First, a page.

Street gave us a glimpse into his business process and shared with us the differences in his full-service and fast casual restaurants. He also explained how the two complement one another, which made the operation more profitable.

Restaurant menu for fast casual dining

“Menu-wise, it was really important for us going from full-service to fast casual that we were still able to serve the exact same quality of food, and maintain the same standards and the same elegance and everything that we do in the full-service format,” Street shared.

Fast casual customers demand a quicker pace and lower pricing, so changes were necessary. The full-service restaurant serves non-chicken dishes and offers specials. There is also a bar that offers craft cocktails. 

“The most obvious difference is the full bar,” Street says. “In the fast casual setting, it’s not as important, it’s not as big a part of your business because you don’t have as much opportunity for repeat drinks; it’s a faster-paced environment. Alcohol is just less of a component for counter service.”

The value of fast casual

The menu items are the same, but some of them have been rearranged to be more flexible and affordable.

“Obviously, there’s a price point battle you have when you’re trying to take a full-service version of your concept and turn it into a counter-service. There’s only so much people are going to be willing to pay and justify without having the experience you can get with full-service,” Street says. “For instance, some of our items, we don’t sell as meals; we sell à la carte so that the customer has more power in deciding how they’re going to spend their money.”

You can order smaller portions of salads or other items at a fast-casual restaurant. This helps reduce production times in the kitchen. For example, the fried chicken is available in full-service restaurants and as a by-the-piece fast casual.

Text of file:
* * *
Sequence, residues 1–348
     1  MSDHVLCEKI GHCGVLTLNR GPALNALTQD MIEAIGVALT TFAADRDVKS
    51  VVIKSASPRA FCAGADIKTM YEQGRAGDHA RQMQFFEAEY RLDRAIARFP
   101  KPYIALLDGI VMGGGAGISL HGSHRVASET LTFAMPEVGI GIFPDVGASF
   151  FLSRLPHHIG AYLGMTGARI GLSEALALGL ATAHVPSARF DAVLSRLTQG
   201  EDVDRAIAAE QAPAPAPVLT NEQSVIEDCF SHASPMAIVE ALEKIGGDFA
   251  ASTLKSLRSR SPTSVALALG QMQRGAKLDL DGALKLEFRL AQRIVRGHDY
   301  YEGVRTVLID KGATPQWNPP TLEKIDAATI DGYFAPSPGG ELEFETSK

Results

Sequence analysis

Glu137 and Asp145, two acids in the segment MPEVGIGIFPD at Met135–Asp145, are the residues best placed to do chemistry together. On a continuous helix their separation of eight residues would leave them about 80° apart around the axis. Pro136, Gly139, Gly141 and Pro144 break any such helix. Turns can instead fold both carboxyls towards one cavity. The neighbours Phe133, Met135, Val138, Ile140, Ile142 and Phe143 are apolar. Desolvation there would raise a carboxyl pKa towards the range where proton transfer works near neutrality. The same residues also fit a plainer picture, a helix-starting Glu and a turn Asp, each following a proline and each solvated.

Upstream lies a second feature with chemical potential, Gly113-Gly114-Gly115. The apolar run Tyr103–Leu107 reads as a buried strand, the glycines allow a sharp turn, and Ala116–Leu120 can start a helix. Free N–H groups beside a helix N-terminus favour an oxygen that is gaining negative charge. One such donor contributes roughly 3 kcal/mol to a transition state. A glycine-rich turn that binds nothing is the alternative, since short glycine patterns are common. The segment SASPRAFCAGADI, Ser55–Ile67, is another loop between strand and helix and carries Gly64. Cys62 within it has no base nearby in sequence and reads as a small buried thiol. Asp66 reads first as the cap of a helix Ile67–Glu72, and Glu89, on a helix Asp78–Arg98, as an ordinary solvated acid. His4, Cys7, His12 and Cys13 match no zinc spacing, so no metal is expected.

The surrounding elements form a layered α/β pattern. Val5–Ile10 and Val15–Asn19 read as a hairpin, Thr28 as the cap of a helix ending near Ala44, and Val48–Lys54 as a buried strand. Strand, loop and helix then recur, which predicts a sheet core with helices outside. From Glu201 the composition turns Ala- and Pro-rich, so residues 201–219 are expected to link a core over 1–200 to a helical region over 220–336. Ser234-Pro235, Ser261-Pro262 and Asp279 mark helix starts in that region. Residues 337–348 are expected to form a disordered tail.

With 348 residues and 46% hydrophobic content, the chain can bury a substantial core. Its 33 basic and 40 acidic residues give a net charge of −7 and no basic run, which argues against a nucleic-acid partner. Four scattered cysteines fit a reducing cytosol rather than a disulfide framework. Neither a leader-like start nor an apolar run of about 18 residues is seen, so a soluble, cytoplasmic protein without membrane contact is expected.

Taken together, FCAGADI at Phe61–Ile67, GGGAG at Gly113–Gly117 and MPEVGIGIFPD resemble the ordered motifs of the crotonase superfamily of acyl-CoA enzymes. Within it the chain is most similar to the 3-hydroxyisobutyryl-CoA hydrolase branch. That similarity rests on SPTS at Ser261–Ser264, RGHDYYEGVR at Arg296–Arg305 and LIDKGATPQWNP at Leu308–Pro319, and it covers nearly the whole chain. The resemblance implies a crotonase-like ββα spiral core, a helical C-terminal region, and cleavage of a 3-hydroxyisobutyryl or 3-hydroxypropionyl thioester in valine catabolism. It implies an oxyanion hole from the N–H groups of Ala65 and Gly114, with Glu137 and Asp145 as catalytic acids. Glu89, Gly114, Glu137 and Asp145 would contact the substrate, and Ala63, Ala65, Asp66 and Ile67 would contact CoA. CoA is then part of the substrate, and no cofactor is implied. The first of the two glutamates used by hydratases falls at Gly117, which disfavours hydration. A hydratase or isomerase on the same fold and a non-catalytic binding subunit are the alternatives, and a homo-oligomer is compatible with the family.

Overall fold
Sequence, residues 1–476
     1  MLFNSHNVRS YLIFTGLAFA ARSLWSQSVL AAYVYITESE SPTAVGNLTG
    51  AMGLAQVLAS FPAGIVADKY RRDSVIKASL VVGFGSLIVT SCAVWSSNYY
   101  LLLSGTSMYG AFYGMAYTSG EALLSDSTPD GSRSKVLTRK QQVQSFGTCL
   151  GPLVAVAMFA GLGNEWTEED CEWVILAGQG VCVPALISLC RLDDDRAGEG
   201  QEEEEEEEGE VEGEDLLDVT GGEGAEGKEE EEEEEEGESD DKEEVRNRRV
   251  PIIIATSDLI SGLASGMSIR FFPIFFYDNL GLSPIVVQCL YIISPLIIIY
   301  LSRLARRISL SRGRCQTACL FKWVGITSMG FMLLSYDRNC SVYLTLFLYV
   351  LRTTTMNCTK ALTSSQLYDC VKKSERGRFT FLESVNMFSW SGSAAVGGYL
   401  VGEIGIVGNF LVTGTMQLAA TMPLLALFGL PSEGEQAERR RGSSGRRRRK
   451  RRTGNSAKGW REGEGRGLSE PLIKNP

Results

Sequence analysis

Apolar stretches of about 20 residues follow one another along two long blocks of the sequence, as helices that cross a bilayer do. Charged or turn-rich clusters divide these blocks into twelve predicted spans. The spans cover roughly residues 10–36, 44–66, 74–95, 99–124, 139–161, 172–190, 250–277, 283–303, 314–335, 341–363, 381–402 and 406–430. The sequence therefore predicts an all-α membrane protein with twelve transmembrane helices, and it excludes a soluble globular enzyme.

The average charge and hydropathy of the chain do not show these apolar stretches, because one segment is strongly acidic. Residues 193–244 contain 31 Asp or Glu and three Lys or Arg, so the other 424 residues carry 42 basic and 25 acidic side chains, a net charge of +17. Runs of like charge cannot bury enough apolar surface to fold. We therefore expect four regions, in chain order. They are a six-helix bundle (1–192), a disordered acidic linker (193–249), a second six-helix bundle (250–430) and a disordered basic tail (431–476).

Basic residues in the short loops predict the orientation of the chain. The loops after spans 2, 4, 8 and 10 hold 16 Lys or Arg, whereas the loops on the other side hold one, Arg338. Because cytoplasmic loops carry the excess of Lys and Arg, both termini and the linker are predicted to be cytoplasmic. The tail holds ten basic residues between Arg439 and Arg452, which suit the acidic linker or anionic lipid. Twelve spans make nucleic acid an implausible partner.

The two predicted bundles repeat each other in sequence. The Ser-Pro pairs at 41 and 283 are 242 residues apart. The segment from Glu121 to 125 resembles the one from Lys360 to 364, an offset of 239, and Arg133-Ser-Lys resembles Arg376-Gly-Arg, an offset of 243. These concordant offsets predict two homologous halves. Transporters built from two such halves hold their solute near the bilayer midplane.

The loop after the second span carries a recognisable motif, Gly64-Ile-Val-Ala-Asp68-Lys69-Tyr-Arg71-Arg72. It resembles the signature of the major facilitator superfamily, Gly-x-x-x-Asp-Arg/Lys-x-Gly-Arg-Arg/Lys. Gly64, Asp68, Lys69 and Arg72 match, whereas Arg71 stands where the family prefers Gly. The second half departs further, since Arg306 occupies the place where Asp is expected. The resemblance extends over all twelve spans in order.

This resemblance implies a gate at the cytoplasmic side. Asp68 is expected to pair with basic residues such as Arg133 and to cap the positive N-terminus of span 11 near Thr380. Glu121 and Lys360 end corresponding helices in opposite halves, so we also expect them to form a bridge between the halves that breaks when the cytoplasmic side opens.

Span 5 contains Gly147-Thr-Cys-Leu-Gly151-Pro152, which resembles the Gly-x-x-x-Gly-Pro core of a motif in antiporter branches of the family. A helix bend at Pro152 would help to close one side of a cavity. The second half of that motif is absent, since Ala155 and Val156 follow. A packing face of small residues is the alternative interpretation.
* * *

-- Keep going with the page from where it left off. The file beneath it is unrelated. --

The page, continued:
“If they want to go just like they have it at the other store, they wind up paying more than you would at a normal counter-service restaurant, but it’s also very easy for the customer to come in and get exactly what they want for a price that they can afford,” Street says. “If you want to break the bank, you can break the bank, but it’s very easy to get very good value for the food that you’re getting.”

Interior design

While many dishes remain similar in both venues, they’re presented differently to customers. The fast casual restaurant utilizes digital signage and digital menus to help each guest make informed decisions about what they’re ordering.

“In full-service, you have a server to walk you through every piece of the menu and they put the image in your mind’s eye through conversation there in that format,” Street says. “In fast-casual, there’s more pressure on the customer, especially in a high-volume store when there’s a line of people out the door. Photographic is important because people want to be able to quickly order, get their food, and then move on. It’s something that’s very important for our menu. … Digital signage is huge for fast casual dining and it’s been very important in driving our business.”